TimelineEdit

  • Start: Cale Yarborough officially had the pole position when the green flag was waved
  • Lap 4: Darrell Waltrip took over the lead from Cale Yarborough
  • Lap 7: Terry Labonte managed to blow his vehicle's engine
  • Lap 10: The clutch in Neil Bonnett's vehicle couldn't handle the pressures of high-speed racing
  • Lap 12: Dick Brooks managed to blow his vehicle's engine
  • Lap 14: Richard Petty managed to blow his vehicle's engine
  • Lap 15: Transmission problems managed to ruin Don Noel's day on the track
  • Lap 17: Jim Robinson managed to blow his vehicle's engine
  • Lap 21: Bobby Allison took over the lead from Darrell Waltrip
  • Lap 28: David Pearson took over the lead from Bobby Allison
  • Lap 29: Al Holbert took over the lead from David Pearson
  • Lap 31: Darrell Waltrip took over the lead from Al Holbert
  • Lap 32: Richard White managed to blow his vehicle's engine
  • Lap 48: Frank Warren managed to blow his vehicle's engine
  • Lap 56: Benny Parsons managed to break his vehicle's transmission
  • Lap 60: Al Holbert took over the lead from Darrell Waltrip
  • Lap 63: David Pearson took over the lead from Al Holbert
  • Lap 64: Darrell Waltrip took over the lead from David Pearson
  • Lap 66: Cecil Gordon managed to blow his vehicle's engine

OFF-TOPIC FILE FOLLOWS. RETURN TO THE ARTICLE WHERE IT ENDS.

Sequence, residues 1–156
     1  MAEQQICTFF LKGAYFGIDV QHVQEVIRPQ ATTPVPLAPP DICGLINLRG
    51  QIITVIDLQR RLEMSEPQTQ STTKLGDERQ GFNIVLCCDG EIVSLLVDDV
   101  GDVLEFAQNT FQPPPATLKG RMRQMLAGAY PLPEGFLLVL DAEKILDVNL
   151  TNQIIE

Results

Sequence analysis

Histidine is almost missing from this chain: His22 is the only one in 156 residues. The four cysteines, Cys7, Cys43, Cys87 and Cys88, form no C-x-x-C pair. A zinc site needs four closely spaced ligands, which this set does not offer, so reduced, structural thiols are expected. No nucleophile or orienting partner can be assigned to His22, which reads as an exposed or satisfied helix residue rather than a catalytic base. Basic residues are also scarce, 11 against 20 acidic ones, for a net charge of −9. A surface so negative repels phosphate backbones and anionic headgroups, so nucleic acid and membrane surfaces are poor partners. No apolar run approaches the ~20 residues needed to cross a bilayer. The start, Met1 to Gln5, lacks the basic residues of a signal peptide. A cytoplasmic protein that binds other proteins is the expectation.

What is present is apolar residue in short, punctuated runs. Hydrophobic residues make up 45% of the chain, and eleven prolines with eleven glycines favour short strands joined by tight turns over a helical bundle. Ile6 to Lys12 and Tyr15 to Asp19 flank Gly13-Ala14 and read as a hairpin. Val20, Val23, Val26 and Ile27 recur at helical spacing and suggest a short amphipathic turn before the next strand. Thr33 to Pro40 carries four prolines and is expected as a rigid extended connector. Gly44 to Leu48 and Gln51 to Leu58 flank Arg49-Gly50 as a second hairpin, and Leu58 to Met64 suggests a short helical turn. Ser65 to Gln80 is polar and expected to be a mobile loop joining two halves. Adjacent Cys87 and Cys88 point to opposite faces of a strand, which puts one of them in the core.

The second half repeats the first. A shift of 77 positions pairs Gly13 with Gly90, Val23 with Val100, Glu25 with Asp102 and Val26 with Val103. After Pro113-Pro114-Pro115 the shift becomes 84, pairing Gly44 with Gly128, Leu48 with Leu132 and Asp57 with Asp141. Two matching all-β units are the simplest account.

• Lap 91: David Pearson took over the lead from Darrell Waltrip
  • Lap 95: Bobby Allison took over the lead from David Pearson
  • Lap 100: Don Graham managed to blow his vehicle's engine
  • Lap 103: David Pearson took over the lead from Bobby Allison
  • Lap 105: Bobby Allison managed to blow his vehicle's engine
  • Lap 106: Darrell Waltrip took over the lead from David Pearson
  • Lap 111: Jimmy Insolo managed to bust his vehicle's oil pump
  • Finish: Darrell Waltrip was declared the winner of the event

Standings after the raceEdit

Pos Driver Points[4] Differential
1 Darrell Waltrip 185 0
2 David Pearson 175 -10
3 Cale Yarborough 170 -15
4 Bill Schmitt 160 -25
5 Donnie Allison 155 -30
6 Joe Millikan 150 -35
7 Buddy Baker 146 -39
8 Jim Thirkettle 142 -43
9 Tim Williamson 138 -47
10 Harry Gant 134 -51

ReferencesEdit

  1. ^ "1979 Winston Western 500 weather information". The Old Farmers' Almanac. Retrieved 2012-08-02. 
  2. ^ a b c "1979 Winston Western 500 racing information". Driver Averages. Retrieved 2012-03-24. 
  3. ^ a b c d e "1979 Winston Western 500 racing information". Fantasy Racing Cheat Sheet. Retrieved 2012-03-24. 
  4. ^ a b c d e f g "1979 Winston Western 500 racing information". Racing Reference. Retrieved 2012-03-24. 
  5. ^ "EA Sports 500". Jayski's Silly Season Site. Retrieved 2013-04-03. 
  6. ^ "Tracks of Yesterday - Riverside International Raceway". Insider Racing News. Retrieved 2012-09-04. 
  7. ^ "1979 Winston Western 500 qualifying information". Racing Reference. Retrieved 2017-04-28. 
Preceded by
1978 Los Angeles Times 500
NASCAR Winston Cup Series Season
1978-9
Succeeded by
1979 Daytona 500
Preceded by
1978
Winston Western 500 races
1979
Succeeded by
1980